Since its creation 30 years ago it has grown in size and taken on more responsibilities but does that still make it ‘special’ or just another army within an army? At over 56,000 people strong and with a global reach it is the service that most SF units around the world look to for leadership and both technical and tactical developments.

But with a list of at least a dozen core commitments from special reconnaissance and unconventional warfare through to counter-proliferation of weapons of mass destruction and foreign humanitarian assistance it is difficult for even a force of this size to maintain the required levels of expertise.

US Congress has warned about these issues in a report in January and it remains to be seen how the new Trump administration and in particular the new National Security Adviser, Lt Gen McMaster and Secretary of Defense James Mattis foresee the role of USSOCOM.

A more robust approach to engaging in operations has already seen an increase in operational tempo and the death of a US Navy SEAL in Yemen in January, but this will impact the organisation.

It is possible that the promise to increase military spending will see USSOCOM grow even more and improve its capabilities or perhaps larger conventional forces will be able to take on some of the responsibilities allowing US Special Forces to stay focused on a smaller number of key tasks and roles (see the April-May edition of Land Warfare International for more).

Drifting apart? NATO and Turkey

Of the three main political dramas of 2016: The election of Donald Trump as US President, the UK voting to leave the European Union and the attempted coup in Turkey; it is the effects of the latter that could have the most far-reaching impact for NATO and the Middle East region.

The rise in Presidential authoritarianism and religious hardliners on the one hand and a renewed friendship with Russia on the other could lead to a significant schism with NATO and the West in general. As Turkey becomes more self-reliant for its military equipment and is continually rebuffed by the EU over future membership, matters could come to a head and Ankara may look for friends elsewhere.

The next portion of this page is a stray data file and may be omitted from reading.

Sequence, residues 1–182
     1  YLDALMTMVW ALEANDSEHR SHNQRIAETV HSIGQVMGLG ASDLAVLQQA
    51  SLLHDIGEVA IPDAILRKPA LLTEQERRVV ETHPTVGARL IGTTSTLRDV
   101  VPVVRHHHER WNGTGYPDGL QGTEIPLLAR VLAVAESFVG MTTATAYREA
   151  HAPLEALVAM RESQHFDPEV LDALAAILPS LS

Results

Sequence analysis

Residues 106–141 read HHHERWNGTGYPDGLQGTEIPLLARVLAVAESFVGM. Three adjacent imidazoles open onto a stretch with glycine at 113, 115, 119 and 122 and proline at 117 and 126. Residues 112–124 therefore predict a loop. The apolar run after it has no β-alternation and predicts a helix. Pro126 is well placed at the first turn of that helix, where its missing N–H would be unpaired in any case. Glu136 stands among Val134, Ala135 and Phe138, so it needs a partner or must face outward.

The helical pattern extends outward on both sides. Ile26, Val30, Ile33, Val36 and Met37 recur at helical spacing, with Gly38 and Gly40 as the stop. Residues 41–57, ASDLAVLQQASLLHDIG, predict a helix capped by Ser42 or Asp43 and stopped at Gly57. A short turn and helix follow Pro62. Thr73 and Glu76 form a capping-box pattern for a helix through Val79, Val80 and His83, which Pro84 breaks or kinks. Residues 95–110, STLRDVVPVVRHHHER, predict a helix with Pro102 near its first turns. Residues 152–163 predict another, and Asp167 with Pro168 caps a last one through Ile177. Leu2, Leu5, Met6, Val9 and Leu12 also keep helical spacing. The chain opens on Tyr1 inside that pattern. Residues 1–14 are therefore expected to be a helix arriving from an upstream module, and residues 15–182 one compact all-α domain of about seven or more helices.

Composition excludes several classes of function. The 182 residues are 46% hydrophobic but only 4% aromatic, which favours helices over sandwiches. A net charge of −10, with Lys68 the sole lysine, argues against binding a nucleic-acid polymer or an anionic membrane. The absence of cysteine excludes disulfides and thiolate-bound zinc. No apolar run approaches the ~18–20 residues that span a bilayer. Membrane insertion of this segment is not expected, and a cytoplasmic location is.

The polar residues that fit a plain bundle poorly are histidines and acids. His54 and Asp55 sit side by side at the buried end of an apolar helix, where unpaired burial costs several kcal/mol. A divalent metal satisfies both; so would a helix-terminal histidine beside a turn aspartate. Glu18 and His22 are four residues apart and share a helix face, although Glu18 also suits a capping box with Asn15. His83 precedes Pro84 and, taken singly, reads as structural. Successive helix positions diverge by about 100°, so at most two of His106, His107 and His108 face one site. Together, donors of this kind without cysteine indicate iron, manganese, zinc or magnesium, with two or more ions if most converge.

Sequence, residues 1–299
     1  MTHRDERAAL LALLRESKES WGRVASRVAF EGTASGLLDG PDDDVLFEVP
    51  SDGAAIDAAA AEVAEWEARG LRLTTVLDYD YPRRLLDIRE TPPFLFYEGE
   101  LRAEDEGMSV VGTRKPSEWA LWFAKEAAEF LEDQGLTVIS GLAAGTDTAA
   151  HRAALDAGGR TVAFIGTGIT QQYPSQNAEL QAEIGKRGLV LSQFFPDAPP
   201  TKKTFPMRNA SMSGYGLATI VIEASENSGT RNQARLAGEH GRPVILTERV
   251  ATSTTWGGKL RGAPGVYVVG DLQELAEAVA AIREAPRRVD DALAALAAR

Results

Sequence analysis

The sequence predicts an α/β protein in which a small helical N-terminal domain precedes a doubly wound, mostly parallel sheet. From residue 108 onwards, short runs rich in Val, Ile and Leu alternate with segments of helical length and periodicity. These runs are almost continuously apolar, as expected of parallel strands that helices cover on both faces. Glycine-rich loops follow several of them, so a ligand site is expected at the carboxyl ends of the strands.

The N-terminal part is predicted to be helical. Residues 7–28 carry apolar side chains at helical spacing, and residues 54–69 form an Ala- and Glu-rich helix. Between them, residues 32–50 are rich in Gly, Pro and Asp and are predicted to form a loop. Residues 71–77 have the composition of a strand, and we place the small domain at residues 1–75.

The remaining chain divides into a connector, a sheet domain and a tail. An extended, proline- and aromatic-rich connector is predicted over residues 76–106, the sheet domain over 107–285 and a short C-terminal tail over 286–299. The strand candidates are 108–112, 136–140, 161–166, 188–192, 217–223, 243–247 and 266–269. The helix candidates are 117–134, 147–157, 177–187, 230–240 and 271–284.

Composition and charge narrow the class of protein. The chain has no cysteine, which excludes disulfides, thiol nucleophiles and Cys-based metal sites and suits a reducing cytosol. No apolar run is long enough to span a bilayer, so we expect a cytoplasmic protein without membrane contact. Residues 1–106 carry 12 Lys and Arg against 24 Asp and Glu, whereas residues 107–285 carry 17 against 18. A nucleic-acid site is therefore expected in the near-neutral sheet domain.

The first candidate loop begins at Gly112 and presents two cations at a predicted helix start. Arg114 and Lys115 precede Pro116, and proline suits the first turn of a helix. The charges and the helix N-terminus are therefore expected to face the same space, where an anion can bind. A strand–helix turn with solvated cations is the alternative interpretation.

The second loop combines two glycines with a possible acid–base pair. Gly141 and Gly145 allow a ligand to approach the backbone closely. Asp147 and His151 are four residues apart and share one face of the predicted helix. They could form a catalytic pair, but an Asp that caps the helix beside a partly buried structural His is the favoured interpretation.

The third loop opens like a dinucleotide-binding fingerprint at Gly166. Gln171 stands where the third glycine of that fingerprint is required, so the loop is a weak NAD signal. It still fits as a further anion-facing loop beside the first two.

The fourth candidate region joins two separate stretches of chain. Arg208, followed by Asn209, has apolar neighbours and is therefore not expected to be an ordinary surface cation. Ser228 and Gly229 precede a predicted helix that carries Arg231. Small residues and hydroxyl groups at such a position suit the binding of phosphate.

The failure in the attempt by the Turkish Land Forces Command to develop a Turkish engine for its new Altay tanks through an industry partnership between domestic company Turmosan and Austrian company AVL List is indicative of what could happen in the future on a grander scale. Austria’s Parliament imposed an arms embargo on Turkey due to the human rights abuses following the 15 July 2016 coup attempt and this included the engine contract, which was cancelled.

Furthermore the West’s military assistance to the Kurds in Iraq and Syria mean they have the power to resist and fight back against ISIS, but they have also built their own state in all but name – something which Ankara is diametrically opposed to.

If trends continue on their current path then it will make it increasingly difficult for the West and Turkey to travel on the same path and things could get particularly uncomfortable if Turkish democracy is eroded further. But for the TLFC it is continuing to build up its capability with a range of new procurement programmes that are coming to fruition (see the April-May edition of Land Warfare International, page 10).

Turkish industry has an exciting and active design and development environment that is lacking in both Europe and the US and so far this has not seemed to have suffered over the past year.

The biennial IDEF exhibition is always one of the most interesting in the defence calendar and this year will be no different. For more on the Turkish defence sector, see the next issue of LWI magazine and follow our coverage of IDEF next month.

The eye-watering cost of modern military aircraft